May 21,1982 / Montrose voice 5
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May 24, 1981:
Tom Cohen, returning from a trade fair to his
office carrying two briefcases filled with gold
jewelry and diamonds, was robbed and then
shot to death.
Cohen was known to the gay community
as one of the operators of ETC., a jewelry
boutique at Numbers in 1978 and 1979. He
had also once operated the boutiques at Cuddle's and the Old Plantation discos, both gay.
May 25, 1981:
Roger Staubach was
said to be fighting to
"save children" from
In the old Anita Bryant style, former Dallas
pro footballer Roger Staubach was leading
the fight against what he called "cableporn,"
reported Houston Chronicle columnist Ann
Staubach was said to have grouped homosexuality and "women being brutally molested" into the same category.
May 26, 1981:
City changed law so
gay parade could follow
Houston City Council amended its parade
ordinance after pressure from gay community leaders who said that under the old version the Houston Gay Pride Week Parade
would not be able to wind its way down its
May 28, 1981:
TV aired series on gay
KPRC, the NBC affiliate on channel 2, concluded a five-part series called, "Gay Houston, How It Started and How It Is Now."
The series aired within the 10:00 p.m. newscasts each night and started May 24.
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By Gavin Young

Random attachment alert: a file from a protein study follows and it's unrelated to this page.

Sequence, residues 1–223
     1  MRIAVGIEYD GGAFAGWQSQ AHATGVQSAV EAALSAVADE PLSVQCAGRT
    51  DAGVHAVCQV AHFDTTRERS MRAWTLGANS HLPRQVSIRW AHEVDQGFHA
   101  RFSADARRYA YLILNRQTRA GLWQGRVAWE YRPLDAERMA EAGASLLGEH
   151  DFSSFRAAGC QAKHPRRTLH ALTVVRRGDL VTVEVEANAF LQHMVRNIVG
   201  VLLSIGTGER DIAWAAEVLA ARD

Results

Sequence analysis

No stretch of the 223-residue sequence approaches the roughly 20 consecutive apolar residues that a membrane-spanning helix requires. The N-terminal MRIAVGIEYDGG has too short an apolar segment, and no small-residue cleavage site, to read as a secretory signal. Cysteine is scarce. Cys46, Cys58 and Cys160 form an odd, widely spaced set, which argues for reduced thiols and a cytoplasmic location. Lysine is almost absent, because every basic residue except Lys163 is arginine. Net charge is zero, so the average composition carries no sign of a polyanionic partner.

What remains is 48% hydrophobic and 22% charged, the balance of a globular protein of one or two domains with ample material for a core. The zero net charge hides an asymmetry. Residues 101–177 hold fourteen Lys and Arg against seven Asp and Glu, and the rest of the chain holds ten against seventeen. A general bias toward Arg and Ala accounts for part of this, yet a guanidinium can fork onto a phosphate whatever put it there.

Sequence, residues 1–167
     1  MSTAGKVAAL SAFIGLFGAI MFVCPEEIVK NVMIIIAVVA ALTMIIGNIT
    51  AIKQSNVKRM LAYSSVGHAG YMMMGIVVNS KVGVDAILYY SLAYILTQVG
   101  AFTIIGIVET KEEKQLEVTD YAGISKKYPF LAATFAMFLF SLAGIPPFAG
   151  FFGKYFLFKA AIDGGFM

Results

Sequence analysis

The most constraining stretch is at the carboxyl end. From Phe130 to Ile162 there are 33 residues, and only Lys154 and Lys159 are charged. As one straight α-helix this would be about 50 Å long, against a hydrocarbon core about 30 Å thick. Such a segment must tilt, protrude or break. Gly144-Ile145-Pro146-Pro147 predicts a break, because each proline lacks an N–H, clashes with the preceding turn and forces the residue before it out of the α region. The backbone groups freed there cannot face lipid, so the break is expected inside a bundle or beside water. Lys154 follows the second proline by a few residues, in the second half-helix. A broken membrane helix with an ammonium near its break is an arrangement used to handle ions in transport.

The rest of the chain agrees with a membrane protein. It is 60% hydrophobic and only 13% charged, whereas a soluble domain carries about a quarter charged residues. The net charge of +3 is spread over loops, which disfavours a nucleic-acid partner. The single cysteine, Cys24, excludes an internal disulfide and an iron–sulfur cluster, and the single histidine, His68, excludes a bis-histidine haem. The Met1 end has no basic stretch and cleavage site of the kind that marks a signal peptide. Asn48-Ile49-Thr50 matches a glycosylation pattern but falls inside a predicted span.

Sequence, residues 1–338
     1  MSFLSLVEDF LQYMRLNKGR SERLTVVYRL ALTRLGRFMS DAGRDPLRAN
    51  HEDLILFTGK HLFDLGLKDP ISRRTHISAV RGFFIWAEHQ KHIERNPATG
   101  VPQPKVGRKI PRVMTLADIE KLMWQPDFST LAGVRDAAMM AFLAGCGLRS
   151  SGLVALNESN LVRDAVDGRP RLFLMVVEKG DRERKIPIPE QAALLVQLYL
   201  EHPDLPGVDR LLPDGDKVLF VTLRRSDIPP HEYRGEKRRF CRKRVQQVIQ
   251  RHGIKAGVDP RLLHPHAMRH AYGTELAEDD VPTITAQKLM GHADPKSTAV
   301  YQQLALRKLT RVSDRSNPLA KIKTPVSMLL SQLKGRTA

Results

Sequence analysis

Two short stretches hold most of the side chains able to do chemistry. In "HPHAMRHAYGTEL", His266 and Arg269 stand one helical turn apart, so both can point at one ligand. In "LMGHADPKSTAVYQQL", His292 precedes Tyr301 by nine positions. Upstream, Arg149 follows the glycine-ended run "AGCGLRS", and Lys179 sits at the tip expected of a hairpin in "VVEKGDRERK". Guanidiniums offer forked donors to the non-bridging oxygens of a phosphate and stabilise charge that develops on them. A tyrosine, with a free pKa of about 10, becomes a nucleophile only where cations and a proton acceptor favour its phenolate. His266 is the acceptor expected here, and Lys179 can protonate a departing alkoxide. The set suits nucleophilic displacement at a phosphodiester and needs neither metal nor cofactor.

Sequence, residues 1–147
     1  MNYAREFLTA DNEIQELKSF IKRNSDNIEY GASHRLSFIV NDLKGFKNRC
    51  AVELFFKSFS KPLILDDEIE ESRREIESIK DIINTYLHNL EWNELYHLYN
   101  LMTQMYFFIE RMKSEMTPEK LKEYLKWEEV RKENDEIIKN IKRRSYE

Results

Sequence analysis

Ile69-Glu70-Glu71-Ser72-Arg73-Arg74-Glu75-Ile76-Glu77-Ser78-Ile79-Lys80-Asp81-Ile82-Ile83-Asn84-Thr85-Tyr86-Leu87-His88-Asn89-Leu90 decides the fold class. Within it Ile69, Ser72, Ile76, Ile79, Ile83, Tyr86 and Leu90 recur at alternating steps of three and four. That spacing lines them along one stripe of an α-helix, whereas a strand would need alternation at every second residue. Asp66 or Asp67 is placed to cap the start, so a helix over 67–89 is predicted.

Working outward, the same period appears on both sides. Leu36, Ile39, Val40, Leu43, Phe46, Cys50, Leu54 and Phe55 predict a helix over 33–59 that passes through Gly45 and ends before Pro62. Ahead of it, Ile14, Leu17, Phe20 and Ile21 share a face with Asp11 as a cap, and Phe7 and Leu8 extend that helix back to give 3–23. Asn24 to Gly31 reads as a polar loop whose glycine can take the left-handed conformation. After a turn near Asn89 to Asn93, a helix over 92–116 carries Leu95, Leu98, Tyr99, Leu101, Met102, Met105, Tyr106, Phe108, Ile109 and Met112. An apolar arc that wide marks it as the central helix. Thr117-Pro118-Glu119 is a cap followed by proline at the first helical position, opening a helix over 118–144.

International Gay News Agency
STRASBOURG, FRANCE-The recent
meeting of the International Association
of Lesbians/Gay Women and Men, known
as IGA, attracted major national media
attention in France over Easter because of
a conflict over the Catholic hostel originally hired to hold the delegates.
Only a few days before Easter, the
Bishop of Strasbourg, Mgr. Leon-Arthur
Elchinger, cancelled the agreement made
to rent a Catholic hostel to the organizers,
a move the organizers saw as the bishop's
attempt to force a cancellation of the
The organizers turned to France's new
Socialist government for help and
received the cooperation of top ministers.
The Minister of the Interior, Gaston Def-
ferre, called upon the Civil Defense, which
sent a convoy from Paris, 300 miles away,
to provide emergency tents and bedding
for the delegates, while the Minister of
Defense ordered supplies of Army
Delegates joined local gay people in a
candle-light protest outside the bishop's
Easter service, handing out leaflets to the
congregation. The IGA and the French
organizers are now investigating other
avenues of redress as well.
The meeting itself covered some major
issues to be considered in July at the international meeting to be held in Washington, D.C. These included:
• Lesbian and Gay Year. A proposal is
being considered to make 1983 the "International Year of Lesbians and Gay Men."
Some of the suggestions include marches
on the United Nations headquarters in
Europe and New York.
• Artificial Insemination. Members
have been asked to find out the attitudes of
their governments towards artificial
insemination for unmarried women and